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Articles by S Lim
Total Records ( 4 ) for S Lim
  S Lim , A Janzer , A Becker , A Zimmer , R Schule , R Buettner and J. Kirfel

Breast carcinogenesis is a multistep process involving both genetic and epigenetic changes. Since epigenetic changes like histone modifications are potentially reversible processes, much effort has been directed toward understanding this mechanism with the goal of finding novel therapies as well as more refined diagnostic and prognostic tools in breast cancer. Lysine-specific demethylase 1 (LSD1) plays a key role in the regulation of gene expression by removing the methyl groups from methylated lysine 4 of histone H3 and lysine 9 of histone H3. LSD1 is essential for mammalian development and involved in many biological processes. Considering recent evidence that LSD1 is involved in carcinogenesis, we investigated the role of LSD1 in breast cancer. Therefore, we developed an enzyme-linked immunosorbent assay to determine LSD1 protein levels in tissue specimens of breast cancer and measured very high LSD1 levels in estrogen receptor (ER)-negative tumors. Pharmacological LSD1 inhibition resulted in growth inhibition of breast cancer cells. Knockdown of LSD1 using small interfering RNA approach induced regulation of several proliferation-associated genes like p21, ERBB2 and CCNA2. Additionally, we found that LSD1 is recruited to the promoters of these genes. In summary, our data indicate that LSD1 may provide a predictive marker for aggressive biology and a novel attractive therapeutic target for treatment of ER-negative breast cancers.

  M Dobkin Bekman , M Naidich , L Rahamim , F Przedecki , T Almog , S Lim , P Melamed , P Liu , T Wohland , Z Yao , R Seger and Z. Naor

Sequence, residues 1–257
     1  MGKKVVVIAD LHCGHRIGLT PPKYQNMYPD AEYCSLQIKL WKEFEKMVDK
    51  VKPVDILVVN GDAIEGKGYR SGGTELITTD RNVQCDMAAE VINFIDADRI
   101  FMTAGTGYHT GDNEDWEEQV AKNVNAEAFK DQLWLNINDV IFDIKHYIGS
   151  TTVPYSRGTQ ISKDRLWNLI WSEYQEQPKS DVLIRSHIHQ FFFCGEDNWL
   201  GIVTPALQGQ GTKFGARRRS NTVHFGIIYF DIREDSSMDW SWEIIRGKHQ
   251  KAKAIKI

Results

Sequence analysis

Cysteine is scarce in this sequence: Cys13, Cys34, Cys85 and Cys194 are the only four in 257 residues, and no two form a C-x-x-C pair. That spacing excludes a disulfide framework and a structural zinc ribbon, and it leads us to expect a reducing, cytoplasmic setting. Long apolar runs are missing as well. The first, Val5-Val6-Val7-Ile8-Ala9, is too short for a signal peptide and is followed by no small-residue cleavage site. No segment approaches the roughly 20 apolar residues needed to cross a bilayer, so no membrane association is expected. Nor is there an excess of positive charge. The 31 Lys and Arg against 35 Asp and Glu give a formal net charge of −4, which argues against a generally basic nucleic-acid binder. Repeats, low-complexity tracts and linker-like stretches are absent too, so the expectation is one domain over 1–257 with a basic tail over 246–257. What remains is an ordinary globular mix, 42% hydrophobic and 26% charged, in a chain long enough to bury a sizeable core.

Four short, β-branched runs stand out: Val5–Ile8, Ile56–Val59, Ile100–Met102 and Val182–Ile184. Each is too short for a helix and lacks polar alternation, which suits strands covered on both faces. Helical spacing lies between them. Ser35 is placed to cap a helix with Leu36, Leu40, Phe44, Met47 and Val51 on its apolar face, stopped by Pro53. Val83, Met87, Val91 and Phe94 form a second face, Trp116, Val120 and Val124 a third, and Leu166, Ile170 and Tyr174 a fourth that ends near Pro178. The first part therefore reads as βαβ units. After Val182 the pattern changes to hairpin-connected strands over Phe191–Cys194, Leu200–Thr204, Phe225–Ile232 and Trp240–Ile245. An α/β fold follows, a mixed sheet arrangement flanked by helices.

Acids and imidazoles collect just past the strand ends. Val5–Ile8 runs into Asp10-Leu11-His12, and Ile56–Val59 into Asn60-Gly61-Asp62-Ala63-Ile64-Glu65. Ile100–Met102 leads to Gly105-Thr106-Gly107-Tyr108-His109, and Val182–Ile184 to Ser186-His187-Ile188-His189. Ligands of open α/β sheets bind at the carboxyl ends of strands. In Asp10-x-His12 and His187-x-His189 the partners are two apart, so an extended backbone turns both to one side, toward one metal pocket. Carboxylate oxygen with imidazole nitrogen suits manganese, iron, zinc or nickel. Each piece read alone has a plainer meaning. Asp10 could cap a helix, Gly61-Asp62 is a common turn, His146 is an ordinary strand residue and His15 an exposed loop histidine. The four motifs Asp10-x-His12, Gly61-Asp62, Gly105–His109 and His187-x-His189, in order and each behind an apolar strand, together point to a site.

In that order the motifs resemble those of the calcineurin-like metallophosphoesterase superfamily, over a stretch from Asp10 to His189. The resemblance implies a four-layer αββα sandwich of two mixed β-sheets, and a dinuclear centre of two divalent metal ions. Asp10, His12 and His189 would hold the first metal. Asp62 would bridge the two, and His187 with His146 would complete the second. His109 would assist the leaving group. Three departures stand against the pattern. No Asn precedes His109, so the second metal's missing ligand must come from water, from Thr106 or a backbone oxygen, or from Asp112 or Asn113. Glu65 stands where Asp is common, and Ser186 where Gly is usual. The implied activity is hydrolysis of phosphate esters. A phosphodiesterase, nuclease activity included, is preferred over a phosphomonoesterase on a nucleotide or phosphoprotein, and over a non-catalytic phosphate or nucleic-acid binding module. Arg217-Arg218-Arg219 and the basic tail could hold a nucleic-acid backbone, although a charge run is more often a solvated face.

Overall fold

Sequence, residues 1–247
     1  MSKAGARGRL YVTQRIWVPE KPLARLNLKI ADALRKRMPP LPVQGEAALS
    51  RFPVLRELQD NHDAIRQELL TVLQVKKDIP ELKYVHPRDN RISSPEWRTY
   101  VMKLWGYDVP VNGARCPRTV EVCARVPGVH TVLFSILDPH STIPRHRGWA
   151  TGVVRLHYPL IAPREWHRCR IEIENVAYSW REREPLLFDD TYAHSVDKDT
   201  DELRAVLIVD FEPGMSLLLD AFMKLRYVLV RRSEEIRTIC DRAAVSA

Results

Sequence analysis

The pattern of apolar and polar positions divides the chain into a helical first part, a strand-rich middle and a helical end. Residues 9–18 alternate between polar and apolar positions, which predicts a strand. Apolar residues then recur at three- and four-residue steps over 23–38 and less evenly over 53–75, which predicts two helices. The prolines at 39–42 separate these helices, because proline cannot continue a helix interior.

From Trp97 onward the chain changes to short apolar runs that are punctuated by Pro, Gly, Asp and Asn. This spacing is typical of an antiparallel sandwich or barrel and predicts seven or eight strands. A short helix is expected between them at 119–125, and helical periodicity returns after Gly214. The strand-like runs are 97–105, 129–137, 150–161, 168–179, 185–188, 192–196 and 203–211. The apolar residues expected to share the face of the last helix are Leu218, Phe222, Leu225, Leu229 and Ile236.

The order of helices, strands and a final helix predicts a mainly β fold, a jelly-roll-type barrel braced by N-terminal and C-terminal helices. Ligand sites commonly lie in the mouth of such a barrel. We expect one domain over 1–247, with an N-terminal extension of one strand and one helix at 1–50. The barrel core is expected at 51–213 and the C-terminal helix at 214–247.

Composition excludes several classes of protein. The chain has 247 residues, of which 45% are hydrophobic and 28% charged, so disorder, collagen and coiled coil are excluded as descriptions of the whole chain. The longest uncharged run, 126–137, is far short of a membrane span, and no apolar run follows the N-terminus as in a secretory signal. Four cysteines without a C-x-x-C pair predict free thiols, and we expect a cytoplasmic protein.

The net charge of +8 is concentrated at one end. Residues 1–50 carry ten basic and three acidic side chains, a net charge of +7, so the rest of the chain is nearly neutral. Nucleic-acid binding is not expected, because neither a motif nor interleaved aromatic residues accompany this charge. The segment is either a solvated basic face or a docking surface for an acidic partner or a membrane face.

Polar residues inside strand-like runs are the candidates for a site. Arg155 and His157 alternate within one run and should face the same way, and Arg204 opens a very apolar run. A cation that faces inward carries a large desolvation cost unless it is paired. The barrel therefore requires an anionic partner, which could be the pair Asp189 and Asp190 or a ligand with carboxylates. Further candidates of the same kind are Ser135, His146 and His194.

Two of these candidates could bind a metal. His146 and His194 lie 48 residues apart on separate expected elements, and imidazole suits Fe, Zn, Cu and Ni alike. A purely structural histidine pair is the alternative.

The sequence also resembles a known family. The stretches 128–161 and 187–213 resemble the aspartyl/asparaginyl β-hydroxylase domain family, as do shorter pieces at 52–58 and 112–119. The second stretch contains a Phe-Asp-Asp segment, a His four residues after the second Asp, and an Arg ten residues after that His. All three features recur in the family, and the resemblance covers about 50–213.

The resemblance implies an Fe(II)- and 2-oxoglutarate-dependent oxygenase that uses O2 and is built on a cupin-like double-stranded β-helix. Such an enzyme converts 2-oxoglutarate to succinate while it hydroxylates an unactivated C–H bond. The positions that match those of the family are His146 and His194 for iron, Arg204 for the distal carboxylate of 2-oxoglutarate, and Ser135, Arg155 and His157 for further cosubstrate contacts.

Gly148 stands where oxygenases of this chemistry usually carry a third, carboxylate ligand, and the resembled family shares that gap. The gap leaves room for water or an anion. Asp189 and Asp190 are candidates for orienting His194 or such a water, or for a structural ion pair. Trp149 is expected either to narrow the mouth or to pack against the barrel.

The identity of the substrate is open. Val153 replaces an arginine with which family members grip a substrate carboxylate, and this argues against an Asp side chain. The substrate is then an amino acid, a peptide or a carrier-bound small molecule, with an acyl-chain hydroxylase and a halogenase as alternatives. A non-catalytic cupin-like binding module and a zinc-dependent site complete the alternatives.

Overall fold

Most receptor tyrosine kinases and G protein-coupled receptors (GPCRs) operate via a limited number of MAPK cascades but still exert diverse functions, and therefore signal specificity remains an enigma. Also, most GPCR ligands utilize families of receptors for mediation of diverse biological actions; however, the mammalian type I GnRH receptor (GnRHR) seems to be the sole receptor mediating GnRH-induced gonadotropin synthesis and release. Signaling complexes associated with GPCRs may thus provide the means for signal specificity. Here we describe a signaling complex associated with the GnRHR, which is a unique GPCR lacking a C-terminal tail. Unlike other GPCRs, this signaling complex is preformed, and exposure of LβT2 gonadotropes to GnRH induces its dynamic rearrangement. The signaling complex includes c-Src, protein kinase C, -, and -, Ras, MAPK kinase 1/2, ERK1/2, tubulin, focal adhesion kinase (FAK), paxillin, vinculin, caveolin-1, kinase suppressor of Ras-1, and the GnRHR. Exposure to GnRH (5 min) causes MAPK kinase 1/2, ERK1/2, tubulin, vinculin, and the GnRHR to detach from c-Src, but they reassociate within 30 min. On the other hand, FAK, paxillin, the protein kinase Cs, and caveolin-1 stay bound to c-Src, whereas kinase suppressor of Ras-1 appears in the complex only 30 min after GnRH stimulation. GnRH was found to activate ERK1/2 in the complex in a c-Src-dependent manner, and the activated ERK1/2 subsequently phosphorylates FAK and paxillin. In parallel, caveolin-1, FAK, vinculin, and paxillin are phosphorylated on Tyr residues apparently by GnRH-activated c-Src. Receptor tyrosine kinases and GPCRs translocate ERK1/2 to the nucleus to phosphorylate and activate transcription factors. We therefore propose that the role of the multiprotein signaling complex is to sequester a cytosolic pool of activated ERK1/2 to phosphorylate FAK and paxillin at focal adhesions.